Eldercare is changing. There are efforts taking place to change the culture of long-term care and move away from an institutional model. Today's older adult wants to be cared for at home, if possible. But if facility care is necessary, they prefer it to have a home-like design with private rooms.
They want control in daily routines and access to technology such as Internet access. Older adults today want to be able to participate in the same kinds of recreation activities they did before entering the nursing home. And they want access to complementary therapies like massage and aromatherapy. As a result, more eldercare communities are adding massage therapy to their services.
Why does touch matter to the person living in a care facility? Studies show touch improves the quality of life for elders physically, emotionally, socially and spiritually. Benefits include:
Why does touch matter to a nursing home resident's family? Family members need peace of mind. They need assurance that their loved one is safe, cared for and cared about. Family members also need a way to relate to their loved one, who now may not be able to communicate well because of their condition. Family members need to feel less helpless in the face of a situation that seems out of their control.
Touch can be a bridge of connection for families. Massage therapists can teach family members how to use simple touch and massage techniques to connect with their elder. Facilities that have a massage therapy program enjoy the positive feedback from families when they see their loved one being cared for with a compassionate touch.
Care Facility Staff
Why does touch matter to the staff of a care facility? Touch offers caregivers greater work satisfaction. Long-term-care professionals have very demanding work. They can benefit from receiving massage. Some facilities offer on-site seated massage for staff, and I've been amazed at how much relief these caregivers experience with a 10-minute massage in the middle of their day. They feel appreciated for the work they do.
The direct care staff (for example, nurse assistants) need effective tools to manage challenges without adding to their workload. These caregivers can learn simple touch techniques that studies show actually decrease caregiving challenges. One example is that when a brief hand massage was offered, the elder was more cooperative during personal care. Touch helps care staff to enjoy more of a relationship with those they care for.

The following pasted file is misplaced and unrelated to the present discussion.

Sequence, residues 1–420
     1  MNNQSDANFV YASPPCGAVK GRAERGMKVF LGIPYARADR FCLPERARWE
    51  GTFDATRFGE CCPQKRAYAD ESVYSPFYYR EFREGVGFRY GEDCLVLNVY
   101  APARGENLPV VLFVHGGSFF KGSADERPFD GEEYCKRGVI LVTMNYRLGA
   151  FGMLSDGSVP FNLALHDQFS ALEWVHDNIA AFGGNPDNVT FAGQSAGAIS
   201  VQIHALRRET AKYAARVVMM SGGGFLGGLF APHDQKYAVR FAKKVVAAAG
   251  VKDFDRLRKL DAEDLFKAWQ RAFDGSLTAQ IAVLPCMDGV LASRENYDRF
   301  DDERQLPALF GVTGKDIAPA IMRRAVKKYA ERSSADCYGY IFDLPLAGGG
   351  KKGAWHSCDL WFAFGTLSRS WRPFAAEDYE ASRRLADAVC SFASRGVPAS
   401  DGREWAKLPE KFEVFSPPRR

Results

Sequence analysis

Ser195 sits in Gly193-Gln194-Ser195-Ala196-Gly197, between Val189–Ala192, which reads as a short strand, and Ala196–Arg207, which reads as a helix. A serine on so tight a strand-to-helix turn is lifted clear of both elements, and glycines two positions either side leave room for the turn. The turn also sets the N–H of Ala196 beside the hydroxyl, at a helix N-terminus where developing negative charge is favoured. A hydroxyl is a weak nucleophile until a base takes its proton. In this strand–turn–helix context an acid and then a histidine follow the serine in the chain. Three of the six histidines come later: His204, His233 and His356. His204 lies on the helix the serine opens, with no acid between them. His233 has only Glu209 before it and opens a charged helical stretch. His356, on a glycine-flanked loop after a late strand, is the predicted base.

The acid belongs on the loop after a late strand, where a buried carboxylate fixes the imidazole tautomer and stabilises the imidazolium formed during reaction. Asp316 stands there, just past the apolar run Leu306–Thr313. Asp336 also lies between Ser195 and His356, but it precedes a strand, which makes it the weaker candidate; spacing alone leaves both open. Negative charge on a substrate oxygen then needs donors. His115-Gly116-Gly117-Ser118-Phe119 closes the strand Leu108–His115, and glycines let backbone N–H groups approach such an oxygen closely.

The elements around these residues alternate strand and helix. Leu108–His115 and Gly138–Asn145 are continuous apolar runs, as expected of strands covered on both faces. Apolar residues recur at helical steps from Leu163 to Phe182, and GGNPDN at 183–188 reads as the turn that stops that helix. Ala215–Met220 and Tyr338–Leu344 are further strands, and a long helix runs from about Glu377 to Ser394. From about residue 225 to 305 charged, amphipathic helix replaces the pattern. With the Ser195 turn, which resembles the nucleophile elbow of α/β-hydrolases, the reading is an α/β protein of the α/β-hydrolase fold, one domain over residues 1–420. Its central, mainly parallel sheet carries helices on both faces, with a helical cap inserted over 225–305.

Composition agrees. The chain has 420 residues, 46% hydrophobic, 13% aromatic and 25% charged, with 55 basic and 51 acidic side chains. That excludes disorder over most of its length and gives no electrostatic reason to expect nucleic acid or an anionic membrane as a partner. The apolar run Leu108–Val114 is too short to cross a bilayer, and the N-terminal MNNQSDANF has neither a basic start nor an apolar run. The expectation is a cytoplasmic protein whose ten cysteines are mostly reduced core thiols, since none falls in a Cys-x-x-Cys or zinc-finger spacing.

Why does touch matter to the facility as an organization? An eldercare facility needs to provide excellent service. As a business, it must attract new residents and have a marketing edge in a very competitive service industry. It needs to retain skilled staff. The facility's staff need to "think beyond Bingo" to meet the demands of today's older adults for an enriched daily life. And facilities must comply with regulations set by national and state policy-makers. Massage therapy programs contribute to all these organizational needs. As one nursing home administrator put it, "providing massage for our residents puts us a cut above other facilities – going above and beyond what's required."
Personally or professionally, you will be called to the bedside. With touch, your sensitivity to care for others grows and your ability to be a compassionate presence deepens. And because touch has reciprocal benefits, your own stress is eased and you are uplifted while making a difference for someone else.
Why does touch matter to society? Health care in today's high-tech world has become depersonalized. So much attention must be given to the technical aspects of medical care that the person can feel lost in the shuffle. We can bring together the world of medical technology with the human side of care simply by reaching out and offering the gift of a compassionate touch. I love what Dr. Abraham Verghese had to say in a 2013 presentation: "The most important innovation in medicine to come in the next 10 years: the power of the human hand." I couldn't agree more!
Click here for more information about Ann Catlin, LMT, NCTMB, OTR.